Skew Meshes: Effective Width
The foregoing considerations are, of course, applicable even when a crack hand of width hc is embedded in a finite element of size h and is inclined with respect to the size of the element (Fig. 8.6.3a), an issue that has been used repeatedly in various fields. The idea of embedding a band of strain softening in a finite clement was first developed for plastic shear bands (Pietmszczak and Mroz 1981), and the subsequent development of a finite element with an embedded crack band (Wiliam, Bicanic and Sturc 1986; Wiliam, Pramono and Sture 1989) was mathematically analogous. Recently, a general and fully consistent three – dimensional formulation for an embedded strain-softening band in general finite elements was presented by Dvorkin, Cuitino and Gioia (1990).
In the present formulation, the only modification that is necessary is to substitute a proper value for the volume fraction of the crack band within the element /. For square meshes, Baz. ant and Oh (1983a) proposed to use an effective bandwidth for the element hb such that
where 0 is the angle between the band and the base of the element. An approximate generalization of this rule to irregular elements was proposed in Bazant (1985a). In general, however, such extrapolations to irregular elements can hardly be satisfactory, and a more general approach is needed.
The problem, however, is not trivial. The reason is that the volume fraction, when the crack band is inclined with respect to the element side, or the element is irregular, is not well defined: it depends on the precise position of the crack band with respect to the element. This is illustrated in Figs. 8.6.3b and c, for which the volume fractions are in the proportion 2:1, approximately. Therefore, either information on the position of the band within the element must be given —which is not possible if ordinary elements are used— or else, the bandwidth must be defined in an average sense. The average can be obtained in the following manner. Consider a bidimensiona! clement of thickness b, arbitrary size and shape, and arbitrarily oriented with respect to the band, which is drawn horizontal (Fig. 8.6.3d). Let у be the axis normal to the band, with its origin at the lowest point of the clement. If the band is located at distance y, as shown in the figure, the volume of the band is approximately given by V(y) = hcbc(y) where c(y) is the length of the intercept of the center of the band with the element. Let y?(y)dy be the probability that the band lies at a distance between у and у ~ dy. Then the average volume of the band is given by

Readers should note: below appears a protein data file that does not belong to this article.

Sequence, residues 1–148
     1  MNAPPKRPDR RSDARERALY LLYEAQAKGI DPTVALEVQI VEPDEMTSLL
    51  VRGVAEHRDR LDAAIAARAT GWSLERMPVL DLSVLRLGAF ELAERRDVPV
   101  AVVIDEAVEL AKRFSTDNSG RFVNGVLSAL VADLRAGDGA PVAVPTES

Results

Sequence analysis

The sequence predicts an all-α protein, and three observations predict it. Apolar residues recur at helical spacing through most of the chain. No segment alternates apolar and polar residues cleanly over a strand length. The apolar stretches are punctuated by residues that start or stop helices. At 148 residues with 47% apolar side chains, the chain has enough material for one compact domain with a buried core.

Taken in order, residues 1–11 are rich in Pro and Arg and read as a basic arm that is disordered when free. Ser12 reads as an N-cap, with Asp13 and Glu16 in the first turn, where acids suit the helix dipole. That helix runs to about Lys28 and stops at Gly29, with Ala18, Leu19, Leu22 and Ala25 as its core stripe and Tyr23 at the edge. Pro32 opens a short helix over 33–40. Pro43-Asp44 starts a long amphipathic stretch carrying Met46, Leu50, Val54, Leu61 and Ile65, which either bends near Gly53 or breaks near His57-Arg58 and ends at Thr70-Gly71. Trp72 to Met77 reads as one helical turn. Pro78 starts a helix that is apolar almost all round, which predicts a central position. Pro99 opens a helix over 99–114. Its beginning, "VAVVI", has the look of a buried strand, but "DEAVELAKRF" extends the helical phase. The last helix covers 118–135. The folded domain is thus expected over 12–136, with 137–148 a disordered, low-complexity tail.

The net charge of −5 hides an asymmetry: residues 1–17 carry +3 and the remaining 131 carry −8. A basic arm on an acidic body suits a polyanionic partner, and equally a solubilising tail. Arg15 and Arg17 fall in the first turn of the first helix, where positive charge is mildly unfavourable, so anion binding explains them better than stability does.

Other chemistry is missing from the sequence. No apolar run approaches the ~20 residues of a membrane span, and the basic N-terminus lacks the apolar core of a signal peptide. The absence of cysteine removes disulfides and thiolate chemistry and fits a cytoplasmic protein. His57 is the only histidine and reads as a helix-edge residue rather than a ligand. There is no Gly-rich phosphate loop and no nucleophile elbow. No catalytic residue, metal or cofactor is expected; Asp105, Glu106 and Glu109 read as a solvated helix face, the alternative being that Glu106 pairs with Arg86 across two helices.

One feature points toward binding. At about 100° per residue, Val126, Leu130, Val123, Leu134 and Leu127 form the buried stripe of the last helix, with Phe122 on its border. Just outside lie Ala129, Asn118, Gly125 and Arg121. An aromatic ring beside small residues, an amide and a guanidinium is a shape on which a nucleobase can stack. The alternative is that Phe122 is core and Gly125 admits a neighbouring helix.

Ц, — hcb f (f(y)c(y)dy (8.6.11)
where hp is the maximum ordinate of the element, which coincides with the projected element size. If the probability density is uniform, then yz — 1 jhv and we get
but b fglp c(y) dy is the volume of the element, and therefore,
This indicates that for equally probable distributions, the element bandwidth coincides with the projected size of the element (projected on the normal of the crack band). This coincides with the formula proposed by Bazant (1985a) for rectangular meshes, and has been implemented in commercial finite element codes (e. g., SBETA; Cervenka and Pukl 1994). However, it must be clearly understood that it is an average value, which may differ appreciably from the actual value for a particular clement in a particular mesh.
The foregoing calculation is based on the assumption that the strain is uniform within the clement, which is generally not the case because quadratic or higher order elements are used with various possible integration schemes (i. e., distribution of integration points). In such cases, the analysis would have to be redone starting from the virtual work equation (8.6.7), a task that is not straightforward. Rots (1988) used a trial-and-error method to determine the effective bandwidths of the elements for a particular problem, and Oliver (1989) proposed an objective formulation of an integral to define hb. Cervenka et al. (1995) empirically found that using the projected element size gave a still larger dissipation for inclined bands, and proposed a correction factor 7 so that
hb = yhp
Figure 8.6.4 (a) Skew cracking orientation at the integration points, (b) inclined cracking in the shaded element induces stress in the uncracked element (from Rots 1989). (c) Load-CMOD curves for a compact specimen under mixed mode loading (from Rots 1989).
Here 7 varies linearly from 1 for clement sides perpendicular to the band to 7 — 1.5 for sides at 45°; in the case of irregular elements, an average side angle needs to be used. With this correction, they obtained results approximately independent of the orientation of the mesh, for mode I cases (bending and tension).
ft seems that using conventional finite elements with plain smearing, as used in most finite element codes, implies a variable degree of uncertainty in the definition of the element bandwidth for meshes skew to the band. There arc two alternatives to circumvent this problem: (1) use remeshing techniques to achieve a mesh in which the band runs parallel and perpendicular to the sides of the elements it crosses (see Fig. 8.7.3b), or (2) use enriched elements with embedded strain discontinuities similar to those described in Section 7.2.3. In fact, the displacement discontinuity in Oliver’s element depicted in Fig. 7.2.10 is numerically implemented as a thin band with large, but finite, constant strain, very similar to an embedded crack band.